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Harvard College Library News: News from around the libraries

Illuminating the Impacts of Light Pollution

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Map showing night sky brightness in North America. (Courtesy Istituto di Scienza e Tecnologia dell'Inquinamento Luminoso)


October 8, 2010 – When the first commercially-viable electric lights began appearing in homes and businesses in the late 1870s, the technology was heralded as revolutionizing American life – the new lights allowed for greater home and workplace safety, extended the workday, and allowed people to enjoy leisure time late into the night.

Along with those benefits, however, have come unintended consequences. The exponential growth of artificial light has in recent years sparked concerns about light pollution and its effects on everything from astronomy to the reproduction of sea turtles.

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A new exhibition, ‘Blasted with Excess of Light’: the Effects of Light Pollution on the Natural World, opening October 13 at Cabot Science Library, asks viewers to consider how artificial light has changed nearly every corner of the world, and the consequences that result when we never have to be in the dark.

“In the scientific community, the issue of light pollution has been a concern for decades,” said exhibition curator Reed Lowrie, Science Reference and Cartographic Librarian at Cabot. “In the 1940s, the Mt. Wilson Observatory in Los Angeles was relocated due to light pollution.”

In addition to a map showing the national power grid, visitors to the exhibition can examine several satellite images that starkly illustrate how artificial light and the resultant light pollution are heavily concentrated in some parts of the world, but not in others. The images show much of North America and Europe exploding with light, while South America, Australia and Africa are almost uniformly dark. The brightest spot in South America, in fact, isn’t part of the continent at all, but is a massive fleet of ships around the Falkland Islands that uses lights to draw fish to the surface. Other images in the exhibition highlight the differences between the pre- and post-electrical world.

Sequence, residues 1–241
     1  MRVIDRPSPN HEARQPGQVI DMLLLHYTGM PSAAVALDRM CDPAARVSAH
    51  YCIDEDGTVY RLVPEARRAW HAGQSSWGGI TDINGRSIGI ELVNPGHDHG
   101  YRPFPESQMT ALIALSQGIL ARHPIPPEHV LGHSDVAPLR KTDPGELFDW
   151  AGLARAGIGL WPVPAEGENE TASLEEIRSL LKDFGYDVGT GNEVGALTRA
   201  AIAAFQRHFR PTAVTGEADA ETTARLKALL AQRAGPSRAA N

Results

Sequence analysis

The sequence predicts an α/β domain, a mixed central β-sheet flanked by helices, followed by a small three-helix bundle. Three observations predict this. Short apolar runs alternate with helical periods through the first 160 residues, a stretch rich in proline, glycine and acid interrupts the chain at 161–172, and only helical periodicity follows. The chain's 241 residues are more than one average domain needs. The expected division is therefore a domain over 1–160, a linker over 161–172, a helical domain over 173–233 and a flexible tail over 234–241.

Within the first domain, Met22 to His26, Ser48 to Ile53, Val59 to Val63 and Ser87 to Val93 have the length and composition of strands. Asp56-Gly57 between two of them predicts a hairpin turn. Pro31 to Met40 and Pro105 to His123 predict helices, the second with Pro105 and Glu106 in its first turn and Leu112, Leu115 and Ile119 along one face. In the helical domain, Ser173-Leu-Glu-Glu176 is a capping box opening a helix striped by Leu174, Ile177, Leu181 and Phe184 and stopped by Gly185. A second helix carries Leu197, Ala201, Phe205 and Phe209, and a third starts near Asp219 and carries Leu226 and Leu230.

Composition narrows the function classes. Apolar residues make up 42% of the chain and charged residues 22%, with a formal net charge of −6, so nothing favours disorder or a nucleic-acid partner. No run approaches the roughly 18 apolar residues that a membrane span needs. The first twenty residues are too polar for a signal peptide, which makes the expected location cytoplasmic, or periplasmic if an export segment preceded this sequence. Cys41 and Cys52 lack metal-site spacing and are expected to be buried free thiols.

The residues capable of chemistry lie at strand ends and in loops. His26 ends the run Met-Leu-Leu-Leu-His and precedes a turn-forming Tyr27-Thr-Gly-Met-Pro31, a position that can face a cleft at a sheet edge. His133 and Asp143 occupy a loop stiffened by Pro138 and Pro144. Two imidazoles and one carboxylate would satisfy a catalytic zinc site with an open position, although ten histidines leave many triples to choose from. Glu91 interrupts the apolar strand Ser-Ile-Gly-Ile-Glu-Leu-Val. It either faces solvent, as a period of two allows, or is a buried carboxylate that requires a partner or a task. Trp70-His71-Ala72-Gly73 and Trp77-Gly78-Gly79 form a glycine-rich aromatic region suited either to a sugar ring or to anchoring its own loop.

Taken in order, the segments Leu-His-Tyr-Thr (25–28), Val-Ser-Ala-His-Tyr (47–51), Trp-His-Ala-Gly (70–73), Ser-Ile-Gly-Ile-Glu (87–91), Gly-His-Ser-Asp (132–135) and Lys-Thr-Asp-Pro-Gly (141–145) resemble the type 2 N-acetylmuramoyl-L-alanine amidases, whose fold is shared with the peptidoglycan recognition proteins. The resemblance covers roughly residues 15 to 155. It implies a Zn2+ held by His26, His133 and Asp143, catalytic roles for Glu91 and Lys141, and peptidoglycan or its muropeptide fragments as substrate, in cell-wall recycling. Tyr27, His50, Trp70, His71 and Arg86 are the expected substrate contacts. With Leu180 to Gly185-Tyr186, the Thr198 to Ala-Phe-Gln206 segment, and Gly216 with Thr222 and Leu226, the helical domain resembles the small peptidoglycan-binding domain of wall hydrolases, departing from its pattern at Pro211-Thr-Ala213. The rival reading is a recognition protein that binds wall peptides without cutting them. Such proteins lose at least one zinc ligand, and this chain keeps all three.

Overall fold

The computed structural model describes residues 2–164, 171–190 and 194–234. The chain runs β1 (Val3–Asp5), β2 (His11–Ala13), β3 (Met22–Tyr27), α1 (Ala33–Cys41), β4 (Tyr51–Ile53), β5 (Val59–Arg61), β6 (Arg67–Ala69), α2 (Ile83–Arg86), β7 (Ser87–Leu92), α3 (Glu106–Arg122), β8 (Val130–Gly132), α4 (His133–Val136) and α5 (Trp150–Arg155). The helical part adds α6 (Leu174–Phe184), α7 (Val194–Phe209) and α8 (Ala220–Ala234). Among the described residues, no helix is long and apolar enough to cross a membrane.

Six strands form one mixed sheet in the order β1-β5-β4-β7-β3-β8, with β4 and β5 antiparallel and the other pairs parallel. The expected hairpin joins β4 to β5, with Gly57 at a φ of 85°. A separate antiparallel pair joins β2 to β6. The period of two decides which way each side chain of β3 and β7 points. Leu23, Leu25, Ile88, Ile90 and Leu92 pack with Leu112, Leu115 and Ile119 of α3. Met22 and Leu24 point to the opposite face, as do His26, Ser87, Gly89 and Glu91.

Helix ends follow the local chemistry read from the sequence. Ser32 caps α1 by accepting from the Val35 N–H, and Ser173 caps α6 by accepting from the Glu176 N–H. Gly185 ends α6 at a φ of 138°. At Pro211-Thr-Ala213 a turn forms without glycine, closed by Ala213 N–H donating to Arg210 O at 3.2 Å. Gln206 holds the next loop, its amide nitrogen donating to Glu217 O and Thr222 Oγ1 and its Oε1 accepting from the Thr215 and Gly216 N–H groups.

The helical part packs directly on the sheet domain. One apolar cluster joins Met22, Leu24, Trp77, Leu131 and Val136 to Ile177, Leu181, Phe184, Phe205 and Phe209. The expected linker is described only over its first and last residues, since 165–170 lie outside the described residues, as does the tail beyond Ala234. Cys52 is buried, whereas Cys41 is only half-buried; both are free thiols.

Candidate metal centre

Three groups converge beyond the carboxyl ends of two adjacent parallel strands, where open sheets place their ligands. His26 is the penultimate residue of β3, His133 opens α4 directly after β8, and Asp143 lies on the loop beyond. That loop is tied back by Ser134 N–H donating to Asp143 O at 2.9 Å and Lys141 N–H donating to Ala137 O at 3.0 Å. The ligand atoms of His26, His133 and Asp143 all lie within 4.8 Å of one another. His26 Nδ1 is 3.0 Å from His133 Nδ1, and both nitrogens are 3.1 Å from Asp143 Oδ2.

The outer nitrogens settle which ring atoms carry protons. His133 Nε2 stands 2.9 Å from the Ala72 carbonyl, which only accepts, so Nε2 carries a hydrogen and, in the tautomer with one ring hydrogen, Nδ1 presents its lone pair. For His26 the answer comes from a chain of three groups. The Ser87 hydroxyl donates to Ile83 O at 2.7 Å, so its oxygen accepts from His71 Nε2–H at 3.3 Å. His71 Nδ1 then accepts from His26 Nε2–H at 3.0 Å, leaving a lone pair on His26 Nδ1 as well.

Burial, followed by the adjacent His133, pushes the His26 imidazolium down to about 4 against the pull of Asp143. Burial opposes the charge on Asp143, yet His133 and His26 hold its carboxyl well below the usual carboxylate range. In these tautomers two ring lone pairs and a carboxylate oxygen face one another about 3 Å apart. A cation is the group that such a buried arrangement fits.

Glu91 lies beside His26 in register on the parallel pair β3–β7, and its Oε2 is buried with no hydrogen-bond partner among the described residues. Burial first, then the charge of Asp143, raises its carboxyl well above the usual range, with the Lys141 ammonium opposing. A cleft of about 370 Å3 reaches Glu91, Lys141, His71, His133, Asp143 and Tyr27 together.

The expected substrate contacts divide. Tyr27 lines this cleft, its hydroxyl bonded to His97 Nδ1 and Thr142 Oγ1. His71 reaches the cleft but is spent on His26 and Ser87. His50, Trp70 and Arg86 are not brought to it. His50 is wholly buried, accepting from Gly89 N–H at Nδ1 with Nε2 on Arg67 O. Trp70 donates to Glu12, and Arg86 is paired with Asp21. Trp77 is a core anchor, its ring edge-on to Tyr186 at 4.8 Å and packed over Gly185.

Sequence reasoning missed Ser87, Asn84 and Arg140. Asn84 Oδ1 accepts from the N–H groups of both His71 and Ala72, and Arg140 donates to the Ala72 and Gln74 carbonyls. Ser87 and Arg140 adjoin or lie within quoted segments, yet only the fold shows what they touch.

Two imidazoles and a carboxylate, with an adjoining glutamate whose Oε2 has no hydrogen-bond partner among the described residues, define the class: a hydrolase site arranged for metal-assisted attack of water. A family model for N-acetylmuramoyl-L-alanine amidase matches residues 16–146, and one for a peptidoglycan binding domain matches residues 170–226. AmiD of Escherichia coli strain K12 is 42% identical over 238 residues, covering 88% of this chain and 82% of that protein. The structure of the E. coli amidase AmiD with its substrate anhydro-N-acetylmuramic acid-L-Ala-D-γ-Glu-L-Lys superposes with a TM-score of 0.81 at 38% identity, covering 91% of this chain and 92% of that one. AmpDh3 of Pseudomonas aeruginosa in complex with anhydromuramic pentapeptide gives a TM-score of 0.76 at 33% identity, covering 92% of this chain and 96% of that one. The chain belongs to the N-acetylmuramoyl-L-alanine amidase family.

Lowrie’s attention was first drawn to the issue by a 2007 New Yorker article which examined the astronomical aspects of light pollution by highlighting the very few places in the U.S. where people can go to see the night sky as it would have looked before the advent of electric light. Spurred by the article, he began setting items aside for a future exhibition. The publication earlier this year of Jane Brox’s book, “Brilliant: The Evolution of Artificial Light,” convinced him now was the time to move forward.

While it was astronomers who first voiced concerns about light pollution, the impacts range far beyond that community. Aside from obscuring astronomical research, the rise of artificial light has been linked with changes in people’s sleep patterns, changes in animal reproduction and migration and the cost of providing well-lit communities is a growing issue for many municipal budgets.

In addition to ecological concerns, Lowrie said, there is also an issue of waste. Many streetlights and exterior lights spray as much as 70 percent of their light into the air rather than toward the ground, according to some estimates. The solution, advocates say, is to use “shielded” lights that are designed to direct light downward. By ensuring light is directed only where it’s needed, the lights reduce light pollution, conserve energy and save money – all important considerations given today’s straightened times.

For many years, Lowrie said, light pollution was thought to be an issue only in very specific areas, like sea turtle reproduction or astronomy. But as the impacts of light pollution have grown in recent years, so too has the public’s concern.

“The public is now seeing the impact of light pollution in a number of ways,” Lowrie said. “I think it’s important for people to think about artificial light, what we have lost and what we have gained from it.”

‘Blasted with Excess of Light’: the Effects of Light Pollution on the Natural World will be on display in Cabot Science Library through January 21, 2011.